Transcript of Press Tele-conference call with Acting U.S. Trade Representative Peter F. Allgeier Following the Informal Meeting of Trade Ministers in Mombasa, Kenya
Richard Mills: Hello? Ambassador Allgeier? This is Richard Mills. We’ve got everyone on the phone, we’ve
gone over the ground rules and this will be an on the record discussion and that
your time is limited. So, why don’t you take it away?
Acting United States Trade Representative
Allgeier: We're in the MombasaAirport.
So there's maybe a little bit of noise in the background, ok?
Anyway, I guess
everybody has seen the statement that we put out. I won’t repeat that. [crosstalk]. We are kind of moving
around here. I think it was a very good meeting. Basically the objective of course was to
see if we can some convergence among the nations that were at the meeting as to
the next steps we should be taking in each of the major areas of
On agriculture, the
emphasis was on solving this problem of how to convert specific and complex
duties into ad valorem equivalents so that people could actually do a comparison
and decide where each product belong in the various part of the agriculture
market access formula. The U.S. actually served as a kind of a broker
between the two sides on this. And
at this point there is an agreement, at least among the countries at the
meeting, on how to proceed.
Now, obviously this
kind informal ministerial can’t make decisions for the entire membership, but
with thirty-some countries represented at this meeting, if everybody goes in and
approaches it the same way, I think there’s a very good chance that things will
So the idea – the
objective – is that a there will be an agreement on the methodology for doing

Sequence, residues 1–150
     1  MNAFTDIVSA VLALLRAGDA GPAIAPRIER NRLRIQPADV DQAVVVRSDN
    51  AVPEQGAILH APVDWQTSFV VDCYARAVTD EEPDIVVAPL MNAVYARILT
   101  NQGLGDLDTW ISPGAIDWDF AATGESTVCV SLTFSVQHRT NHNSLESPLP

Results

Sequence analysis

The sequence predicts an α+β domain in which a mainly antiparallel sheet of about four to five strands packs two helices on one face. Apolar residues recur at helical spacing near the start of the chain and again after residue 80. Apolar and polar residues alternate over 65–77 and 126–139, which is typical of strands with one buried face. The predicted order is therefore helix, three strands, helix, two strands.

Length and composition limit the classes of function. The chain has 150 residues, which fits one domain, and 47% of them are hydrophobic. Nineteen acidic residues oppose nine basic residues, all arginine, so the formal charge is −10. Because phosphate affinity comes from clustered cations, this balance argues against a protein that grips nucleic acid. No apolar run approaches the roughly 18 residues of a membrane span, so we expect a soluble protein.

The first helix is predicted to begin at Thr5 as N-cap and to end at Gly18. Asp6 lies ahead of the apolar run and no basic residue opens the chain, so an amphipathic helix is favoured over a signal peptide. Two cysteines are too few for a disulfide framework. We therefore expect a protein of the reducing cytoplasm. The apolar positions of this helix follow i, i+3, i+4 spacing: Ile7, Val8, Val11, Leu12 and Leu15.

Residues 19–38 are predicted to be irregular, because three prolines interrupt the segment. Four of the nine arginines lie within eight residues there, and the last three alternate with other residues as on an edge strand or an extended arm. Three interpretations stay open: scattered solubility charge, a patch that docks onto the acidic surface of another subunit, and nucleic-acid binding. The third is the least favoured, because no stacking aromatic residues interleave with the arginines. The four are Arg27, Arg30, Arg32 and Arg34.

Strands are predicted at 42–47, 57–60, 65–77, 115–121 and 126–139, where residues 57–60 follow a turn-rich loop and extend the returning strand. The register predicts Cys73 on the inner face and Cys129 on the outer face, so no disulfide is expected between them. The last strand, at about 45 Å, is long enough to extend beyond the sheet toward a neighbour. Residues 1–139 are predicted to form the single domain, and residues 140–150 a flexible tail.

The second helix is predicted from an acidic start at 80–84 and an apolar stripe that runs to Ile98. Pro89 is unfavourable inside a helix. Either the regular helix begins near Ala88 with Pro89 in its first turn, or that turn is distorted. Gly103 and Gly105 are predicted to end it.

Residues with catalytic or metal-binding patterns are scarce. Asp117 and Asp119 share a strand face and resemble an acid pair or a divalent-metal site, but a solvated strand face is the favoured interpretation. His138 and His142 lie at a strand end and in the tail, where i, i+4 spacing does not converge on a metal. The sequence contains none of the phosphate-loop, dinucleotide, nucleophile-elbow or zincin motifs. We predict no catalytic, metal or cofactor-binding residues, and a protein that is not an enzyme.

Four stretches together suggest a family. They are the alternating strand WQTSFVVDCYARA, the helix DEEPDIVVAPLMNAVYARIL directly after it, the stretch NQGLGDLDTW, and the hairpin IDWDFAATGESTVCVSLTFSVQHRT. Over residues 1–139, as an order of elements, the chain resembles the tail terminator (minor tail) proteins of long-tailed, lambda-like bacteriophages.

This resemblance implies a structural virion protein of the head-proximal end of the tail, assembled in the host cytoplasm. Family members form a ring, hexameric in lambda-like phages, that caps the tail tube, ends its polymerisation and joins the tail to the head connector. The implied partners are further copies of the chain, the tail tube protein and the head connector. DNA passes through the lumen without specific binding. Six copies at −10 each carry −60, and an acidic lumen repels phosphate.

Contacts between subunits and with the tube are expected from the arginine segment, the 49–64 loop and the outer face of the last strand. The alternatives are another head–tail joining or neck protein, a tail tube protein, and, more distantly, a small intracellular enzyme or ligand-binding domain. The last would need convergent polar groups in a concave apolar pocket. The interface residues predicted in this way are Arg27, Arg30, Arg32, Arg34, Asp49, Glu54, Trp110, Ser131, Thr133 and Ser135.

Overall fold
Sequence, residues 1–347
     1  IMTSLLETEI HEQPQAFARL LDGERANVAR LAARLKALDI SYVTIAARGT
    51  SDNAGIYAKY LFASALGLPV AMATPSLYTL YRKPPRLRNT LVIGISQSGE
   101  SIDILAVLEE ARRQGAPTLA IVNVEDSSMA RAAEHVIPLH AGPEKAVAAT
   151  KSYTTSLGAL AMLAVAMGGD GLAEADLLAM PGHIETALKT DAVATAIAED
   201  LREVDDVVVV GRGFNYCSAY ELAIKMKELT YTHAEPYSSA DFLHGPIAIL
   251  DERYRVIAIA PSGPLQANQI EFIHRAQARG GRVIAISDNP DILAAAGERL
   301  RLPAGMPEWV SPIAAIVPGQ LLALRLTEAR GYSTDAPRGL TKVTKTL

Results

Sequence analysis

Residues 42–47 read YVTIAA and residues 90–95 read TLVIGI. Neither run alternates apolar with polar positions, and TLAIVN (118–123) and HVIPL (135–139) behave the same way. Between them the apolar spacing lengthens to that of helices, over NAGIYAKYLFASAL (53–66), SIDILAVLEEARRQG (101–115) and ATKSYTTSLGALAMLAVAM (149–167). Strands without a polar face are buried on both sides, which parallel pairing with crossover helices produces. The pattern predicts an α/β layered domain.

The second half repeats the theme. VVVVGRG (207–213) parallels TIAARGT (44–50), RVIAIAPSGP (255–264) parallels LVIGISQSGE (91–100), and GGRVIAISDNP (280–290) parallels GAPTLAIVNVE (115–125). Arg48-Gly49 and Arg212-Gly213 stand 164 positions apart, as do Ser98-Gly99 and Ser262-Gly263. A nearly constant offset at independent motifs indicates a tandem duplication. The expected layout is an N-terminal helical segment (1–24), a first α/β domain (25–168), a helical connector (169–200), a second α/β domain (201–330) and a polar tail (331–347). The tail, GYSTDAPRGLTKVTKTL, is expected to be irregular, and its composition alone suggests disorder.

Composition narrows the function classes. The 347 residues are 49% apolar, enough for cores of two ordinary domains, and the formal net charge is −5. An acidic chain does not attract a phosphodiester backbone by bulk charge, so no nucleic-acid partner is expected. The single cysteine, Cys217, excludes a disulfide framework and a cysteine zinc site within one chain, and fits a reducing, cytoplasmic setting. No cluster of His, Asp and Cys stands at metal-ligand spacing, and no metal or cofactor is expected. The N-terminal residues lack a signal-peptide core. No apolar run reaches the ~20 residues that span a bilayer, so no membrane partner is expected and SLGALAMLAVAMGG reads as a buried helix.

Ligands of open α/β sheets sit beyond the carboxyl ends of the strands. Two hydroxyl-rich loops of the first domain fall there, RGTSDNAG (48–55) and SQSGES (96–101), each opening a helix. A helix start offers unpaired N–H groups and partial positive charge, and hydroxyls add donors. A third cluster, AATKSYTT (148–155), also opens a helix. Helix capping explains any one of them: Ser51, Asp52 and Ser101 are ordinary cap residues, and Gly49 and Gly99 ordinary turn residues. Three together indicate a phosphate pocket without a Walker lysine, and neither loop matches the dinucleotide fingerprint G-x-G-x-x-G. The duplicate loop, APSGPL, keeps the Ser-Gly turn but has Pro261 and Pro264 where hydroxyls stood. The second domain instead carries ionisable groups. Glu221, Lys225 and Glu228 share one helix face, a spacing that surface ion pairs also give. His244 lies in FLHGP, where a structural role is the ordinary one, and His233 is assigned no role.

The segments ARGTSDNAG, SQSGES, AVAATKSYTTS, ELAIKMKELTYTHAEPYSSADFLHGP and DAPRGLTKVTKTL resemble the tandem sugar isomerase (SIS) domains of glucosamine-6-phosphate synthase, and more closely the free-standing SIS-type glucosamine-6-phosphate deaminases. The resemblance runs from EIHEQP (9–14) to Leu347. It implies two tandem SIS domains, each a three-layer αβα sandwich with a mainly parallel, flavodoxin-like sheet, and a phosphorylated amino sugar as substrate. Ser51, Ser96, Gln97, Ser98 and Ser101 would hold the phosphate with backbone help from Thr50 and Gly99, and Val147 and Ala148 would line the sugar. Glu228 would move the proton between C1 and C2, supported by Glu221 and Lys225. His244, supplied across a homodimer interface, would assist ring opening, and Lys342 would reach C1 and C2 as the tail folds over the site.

this conversion at the next agriculture negotiations meeting, which is in
mid-March and then by the April meeting people will actually put down their data
so that people can start to prepare their tariff schedules on the ad valorem
equivalent basis. But there has
been no decision as to what happens at the end of the negotiation - whether
those tariffs get converted back to specific or complex, or whether they go as
ad valorem. And of course we were not going to make that kind of commitment at
this phase and we don’t have to.
On non agricultural
market access there’s a lot of discussion about the formula. And basically, of course, the Unites
States had earlier put forward the concept of a “Swiss” formula with a dual
coefficient. A number of countries
said they liked that idea. A number of countries came forward with some
variations on that. The EC had a
variation that they took forward without any great details – it’s basically kind
of a credit version of the dual coefficient.
Mexico, on behalf of
Mexico, Chile and Columbia, put together a different kind of credit
approach and the Indians and the Brazilians would likely come up with
convergence was at the next negotiations meeting on market access the center
piece of that meeting would be to explore the various concepts of the
formula. It’s a formula that
combines ambition and flexibility for developing countries. And then to try to narrow down the
options in the formula. Even then,
of course, we will continue to work on both sectoral initiatives and non- tariff
In services, there’s
a very clear affirmation that services is on a par with non-agriculture market
access and the agriculture market access has got to be a critical part of the
final package. And there were a number of discussions about how raise the level
of ambitions in services.
The host, Minister